According to the official data of the Ministry of Education, every year around 40,000 adolescents drop out of school settings. In addition, there is a hidden student attrition three times greater than that reported attrition.
Dropping out may be the result of a combination of a variety of problems: dangerous situations, trauma, injury, learning difficulties, and environmental or family challenges. Menifa, as a holistic program, provides an educational-social-therapeutic container for young people who have dropped out or are at risk of dropping out. Menifa enables them to develop their talents, encourages their personal excellence, and offers them opportunities and tools to exit the cycle of dropping out and risky behavior.
- Preventing dropping out by providing educational, social and emotional support
- Integrating dropout and at-risk youth within the community in normative settings
- Training of teachers in pedagogy that includes therapeutic and emotion-based tools
- Educational reinforcement to reduce gaps
- Creating a holistic container that integrates the student with parents and community
- Creating a holistic container that integrates life skills, therapy and education
Description of the Program:
- Menifa Classrooms provide an intensive educational container that is suited to the particular community culture.
- The program operates in full cooperation and collaboration with government offices and local authorities.
The program operates in two tracks:
- “Kitat Menifa” / “Menifa Classroom” — The classroom is located within the school, but is operated by Menifa’s professional staff, and as such, gives a unique response within a normative framework.
- “Kitot Kalat” / “Absorption Classroom” — This track is designated for youth who have been disconnected from school for a long time. The classrooms are located outside the school and provide the youth a protective environment which enables them to develop gradually and return to normative society.
Example of the results of Menifa Classrooms:
Dana came to Menifa after being expelled from three different high schools. Every time the same story repeated itself: Teachers she didn’t get along with, punishments imposed on her, and ultimately, they told her that she just wasn’t suited to the system. Dana arrived at Menifa by chance. A friend she met in Kikar Zion told her about the place. “When I got to Menifa Classroom, I felt like I found a family. My ‘life teacher’ never gave up on me, and knew, on the one hand, how to set boundaries for me, and on the other hand, how to embrace me all the time.” Dana graduated high school and today is serving in the army.
Case Study: Eretz Hazvi High School in Gilo
In the 2018-19 academic year, Menifa founded a day center located at the Eretz Hazvi High School in the Gilo neighborhood of Jerusalem. The center is designed for youth from religious families from Jerusalem and surrounding settlements who have been expelled from the education system for a variety of reasons.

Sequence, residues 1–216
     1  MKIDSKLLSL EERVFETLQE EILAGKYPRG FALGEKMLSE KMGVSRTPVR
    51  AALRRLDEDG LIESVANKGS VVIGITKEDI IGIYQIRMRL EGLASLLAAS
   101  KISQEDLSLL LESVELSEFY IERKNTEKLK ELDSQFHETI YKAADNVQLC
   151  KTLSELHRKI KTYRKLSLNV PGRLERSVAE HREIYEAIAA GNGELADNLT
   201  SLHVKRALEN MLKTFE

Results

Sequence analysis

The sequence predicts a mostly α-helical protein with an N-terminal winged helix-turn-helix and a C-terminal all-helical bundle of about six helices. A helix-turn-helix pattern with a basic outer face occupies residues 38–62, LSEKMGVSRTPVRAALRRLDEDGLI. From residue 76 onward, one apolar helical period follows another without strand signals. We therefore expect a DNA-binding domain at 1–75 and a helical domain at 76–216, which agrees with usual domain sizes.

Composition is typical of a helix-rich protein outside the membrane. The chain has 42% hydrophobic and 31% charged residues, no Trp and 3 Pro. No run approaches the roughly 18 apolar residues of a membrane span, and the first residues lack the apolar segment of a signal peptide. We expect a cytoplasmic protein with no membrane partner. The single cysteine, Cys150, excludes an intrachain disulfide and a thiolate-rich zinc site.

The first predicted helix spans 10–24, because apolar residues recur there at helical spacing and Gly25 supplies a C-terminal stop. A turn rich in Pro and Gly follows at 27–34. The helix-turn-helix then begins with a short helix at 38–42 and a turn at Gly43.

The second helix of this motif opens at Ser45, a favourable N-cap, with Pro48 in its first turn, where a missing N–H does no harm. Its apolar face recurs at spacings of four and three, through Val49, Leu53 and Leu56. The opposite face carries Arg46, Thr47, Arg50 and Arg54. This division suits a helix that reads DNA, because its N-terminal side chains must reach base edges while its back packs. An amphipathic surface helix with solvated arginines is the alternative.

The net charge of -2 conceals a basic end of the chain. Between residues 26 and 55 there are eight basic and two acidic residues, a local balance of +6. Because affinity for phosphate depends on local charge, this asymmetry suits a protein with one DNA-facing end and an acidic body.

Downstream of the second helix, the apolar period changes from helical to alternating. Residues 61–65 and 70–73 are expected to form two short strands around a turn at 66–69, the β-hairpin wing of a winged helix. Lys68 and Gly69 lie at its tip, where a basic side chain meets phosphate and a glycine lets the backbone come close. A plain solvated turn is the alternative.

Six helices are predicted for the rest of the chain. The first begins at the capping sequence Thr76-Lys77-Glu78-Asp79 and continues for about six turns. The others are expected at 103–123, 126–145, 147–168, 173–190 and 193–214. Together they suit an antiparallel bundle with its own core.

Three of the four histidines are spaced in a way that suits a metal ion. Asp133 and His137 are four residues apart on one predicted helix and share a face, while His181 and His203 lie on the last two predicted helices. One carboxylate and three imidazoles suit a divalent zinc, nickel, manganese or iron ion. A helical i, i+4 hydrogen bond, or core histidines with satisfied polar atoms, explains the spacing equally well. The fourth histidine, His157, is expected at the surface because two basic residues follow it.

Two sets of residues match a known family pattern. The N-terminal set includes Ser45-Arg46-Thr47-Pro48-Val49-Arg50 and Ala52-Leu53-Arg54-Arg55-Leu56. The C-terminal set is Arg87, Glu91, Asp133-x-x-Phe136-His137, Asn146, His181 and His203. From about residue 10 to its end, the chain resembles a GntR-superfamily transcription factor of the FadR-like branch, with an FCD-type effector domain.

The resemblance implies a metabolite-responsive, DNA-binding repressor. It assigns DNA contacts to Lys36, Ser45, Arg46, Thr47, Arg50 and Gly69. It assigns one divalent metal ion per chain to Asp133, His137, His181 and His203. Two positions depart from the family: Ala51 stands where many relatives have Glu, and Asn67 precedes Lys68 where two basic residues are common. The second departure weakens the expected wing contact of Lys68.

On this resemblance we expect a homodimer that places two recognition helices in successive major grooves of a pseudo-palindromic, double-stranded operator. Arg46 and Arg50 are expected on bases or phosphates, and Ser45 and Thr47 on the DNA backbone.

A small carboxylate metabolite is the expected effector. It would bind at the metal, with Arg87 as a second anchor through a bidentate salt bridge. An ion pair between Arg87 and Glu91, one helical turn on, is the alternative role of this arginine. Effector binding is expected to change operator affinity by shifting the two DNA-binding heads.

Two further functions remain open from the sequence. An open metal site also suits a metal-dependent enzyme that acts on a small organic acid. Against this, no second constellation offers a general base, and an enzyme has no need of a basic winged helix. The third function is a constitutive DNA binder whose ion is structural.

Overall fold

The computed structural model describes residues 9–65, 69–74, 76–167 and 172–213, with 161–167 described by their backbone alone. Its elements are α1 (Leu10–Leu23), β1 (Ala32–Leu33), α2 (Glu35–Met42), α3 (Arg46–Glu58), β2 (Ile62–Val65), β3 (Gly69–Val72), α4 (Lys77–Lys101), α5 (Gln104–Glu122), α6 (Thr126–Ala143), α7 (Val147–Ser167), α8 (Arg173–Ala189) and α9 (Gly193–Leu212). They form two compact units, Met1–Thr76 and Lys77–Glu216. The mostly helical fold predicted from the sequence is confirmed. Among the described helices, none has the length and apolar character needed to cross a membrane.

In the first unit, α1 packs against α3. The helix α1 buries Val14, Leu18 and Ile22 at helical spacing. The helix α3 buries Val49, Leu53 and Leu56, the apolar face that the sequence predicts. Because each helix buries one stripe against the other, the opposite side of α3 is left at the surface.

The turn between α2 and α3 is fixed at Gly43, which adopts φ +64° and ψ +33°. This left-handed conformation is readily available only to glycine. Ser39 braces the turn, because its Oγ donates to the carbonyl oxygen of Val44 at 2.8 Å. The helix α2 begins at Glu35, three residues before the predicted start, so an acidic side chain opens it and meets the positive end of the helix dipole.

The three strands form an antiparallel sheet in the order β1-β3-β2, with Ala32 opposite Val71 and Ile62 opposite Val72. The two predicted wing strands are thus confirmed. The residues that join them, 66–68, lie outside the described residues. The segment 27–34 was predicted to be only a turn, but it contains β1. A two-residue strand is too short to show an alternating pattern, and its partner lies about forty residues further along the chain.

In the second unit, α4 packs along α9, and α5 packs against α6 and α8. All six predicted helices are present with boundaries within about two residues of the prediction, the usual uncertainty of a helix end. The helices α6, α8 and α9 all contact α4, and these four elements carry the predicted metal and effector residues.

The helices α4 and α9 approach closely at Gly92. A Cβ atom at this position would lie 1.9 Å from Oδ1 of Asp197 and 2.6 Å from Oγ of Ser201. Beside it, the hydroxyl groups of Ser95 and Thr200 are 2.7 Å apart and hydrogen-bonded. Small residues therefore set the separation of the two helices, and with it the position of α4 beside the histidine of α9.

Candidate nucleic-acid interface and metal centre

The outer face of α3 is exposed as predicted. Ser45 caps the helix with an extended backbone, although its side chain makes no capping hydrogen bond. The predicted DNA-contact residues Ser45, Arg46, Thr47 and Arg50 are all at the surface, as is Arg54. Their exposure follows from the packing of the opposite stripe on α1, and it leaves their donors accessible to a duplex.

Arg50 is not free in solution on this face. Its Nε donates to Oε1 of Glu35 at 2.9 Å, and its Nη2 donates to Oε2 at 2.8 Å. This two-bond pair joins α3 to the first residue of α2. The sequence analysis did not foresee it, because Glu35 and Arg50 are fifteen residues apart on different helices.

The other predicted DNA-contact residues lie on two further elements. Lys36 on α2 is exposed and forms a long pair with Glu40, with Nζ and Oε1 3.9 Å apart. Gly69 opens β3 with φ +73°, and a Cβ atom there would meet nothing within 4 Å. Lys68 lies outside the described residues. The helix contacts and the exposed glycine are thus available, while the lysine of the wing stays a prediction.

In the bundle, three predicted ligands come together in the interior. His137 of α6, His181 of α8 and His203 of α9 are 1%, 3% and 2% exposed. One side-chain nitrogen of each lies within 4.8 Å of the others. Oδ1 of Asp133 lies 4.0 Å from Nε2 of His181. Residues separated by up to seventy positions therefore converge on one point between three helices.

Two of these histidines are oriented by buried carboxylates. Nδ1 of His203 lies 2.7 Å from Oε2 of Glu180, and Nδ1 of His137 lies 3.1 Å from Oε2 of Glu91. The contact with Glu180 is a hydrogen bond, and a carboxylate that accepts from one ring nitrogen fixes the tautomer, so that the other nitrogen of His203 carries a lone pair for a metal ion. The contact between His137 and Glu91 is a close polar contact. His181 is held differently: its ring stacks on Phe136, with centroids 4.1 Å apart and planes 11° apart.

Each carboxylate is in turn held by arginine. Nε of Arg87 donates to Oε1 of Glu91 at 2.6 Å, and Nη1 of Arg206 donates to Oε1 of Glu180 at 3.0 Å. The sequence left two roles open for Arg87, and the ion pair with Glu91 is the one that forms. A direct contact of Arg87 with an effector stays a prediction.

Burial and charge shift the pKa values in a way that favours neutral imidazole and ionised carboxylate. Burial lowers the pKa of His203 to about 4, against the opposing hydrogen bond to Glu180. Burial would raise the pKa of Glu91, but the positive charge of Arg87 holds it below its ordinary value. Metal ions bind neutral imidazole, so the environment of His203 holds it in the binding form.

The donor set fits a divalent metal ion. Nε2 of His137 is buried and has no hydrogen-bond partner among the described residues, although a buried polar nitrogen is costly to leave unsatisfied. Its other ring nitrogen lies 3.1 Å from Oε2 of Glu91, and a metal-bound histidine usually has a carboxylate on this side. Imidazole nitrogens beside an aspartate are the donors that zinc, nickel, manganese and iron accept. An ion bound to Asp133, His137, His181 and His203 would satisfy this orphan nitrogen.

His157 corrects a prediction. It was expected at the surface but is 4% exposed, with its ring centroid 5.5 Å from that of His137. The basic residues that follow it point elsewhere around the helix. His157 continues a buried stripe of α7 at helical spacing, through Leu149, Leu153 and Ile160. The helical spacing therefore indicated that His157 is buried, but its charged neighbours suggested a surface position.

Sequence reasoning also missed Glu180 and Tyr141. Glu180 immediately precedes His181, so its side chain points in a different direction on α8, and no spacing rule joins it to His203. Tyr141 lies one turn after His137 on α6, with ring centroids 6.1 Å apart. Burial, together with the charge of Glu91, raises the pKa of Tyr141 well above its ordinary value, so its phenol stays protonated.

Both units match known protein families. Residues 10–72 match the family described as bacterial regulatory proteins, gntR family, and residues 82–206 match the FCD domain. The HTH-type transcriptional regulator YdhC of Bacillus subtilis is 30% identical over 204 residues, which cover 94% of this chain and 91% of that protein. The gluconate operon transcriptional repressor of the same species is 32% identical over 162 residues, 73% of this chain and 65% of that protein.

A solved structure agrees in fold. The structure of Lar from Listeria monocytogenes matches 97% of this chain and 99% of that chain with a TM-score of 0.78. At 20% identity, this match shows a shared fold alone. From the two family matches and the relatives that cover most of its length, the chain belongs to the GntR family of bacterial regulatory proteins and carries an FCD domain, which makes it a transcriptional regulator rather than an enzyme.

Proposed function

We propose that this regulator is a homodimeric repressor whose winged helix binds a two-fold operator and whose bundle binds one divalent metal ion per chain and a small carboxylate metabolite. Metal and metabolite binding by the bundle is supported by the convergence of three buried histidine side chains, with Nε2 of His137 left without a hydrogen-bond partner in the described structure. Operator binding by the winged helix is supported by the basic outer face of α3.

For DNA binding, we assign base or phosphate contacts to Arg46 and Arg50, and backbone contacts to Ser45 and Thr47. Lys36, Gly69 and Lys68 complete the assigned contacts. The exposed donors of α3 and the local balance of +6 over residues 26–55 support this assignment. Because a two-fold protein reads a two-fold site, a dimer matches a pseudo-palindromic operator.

Goals of the Center:
- Incorporating the youth into an educational setting tailored to the needs of the group and the needs of each individual.
- Providing an educational response that includes filling gaps and studies toward high school graduation or professional certification.
- Learning and experimenting in diverse subjects to develop areas of interest and experience success.
- Developing social and group skills and a sense of personal responsibility for the group and the environment.
- Enhancing the self-esteem, confidence and empowerment of every student to enable optimal integration into adult life.
Secondary Goals of the Center
- To serve as a home and structure for adolescents who have overtly dropped out or are at an elevated risk of dropping out, through educational, emotional, social and cultural reinforcement.
- Helping youth learn to behave within a framework while accepting and internalizing norms and rules.
- Developing the ability to specify goals and carry out self-control and reflection processes.
- Assisting youth to prepare for the graduation exams, as training in study, time- and stress-management, and other important learning skills.
- Bridging between the disconnected youth and the community, and map out a process of restoring the youth as a functioning member of the community.
- Training the teaching staff in tailoring their teaching to dropout youth.
Description of the Program:
- The program started with 10 students, and the goal is to reach 15-20 students in a supportive, three-class framework.
- Program director and a professional facilitator responsible for the administrative and pedagogical aspects of the center’s activities; Responsible for running the program, coordinating the student admissions process, and maintaining a continuous process of initiating, guiding and supporting the center’s staff.
- A “mol” (“life teacher”) who regularly accompanies the teens during school hours, after school hours, and social work outings. The life teacher works collaboratively with parents, holds weekly one-on-one conversations with all students, conducts life skills classes, conducts “open table” activities, accompanies the boys in all their activities at the center, and builds personal work plans for students.
- A teaching staff for academic subjects, which works with students on developing study skills and learning strategies, produces differential learning materials and monitors each child’s academic progress.
- Daily study of academic subjects
- Vocational program with Top-Edu College
- Wilderness workshop
- Weekly “opening the week” group meeting
- Weekly therapeutic-emotional group conversation
- Weekly one-on-one conversations with educators
- Home visits (twice a year for each student)
- After-school social activity
- Community service activity
- Close support by Menifa: Program management, guidance and training for the operating team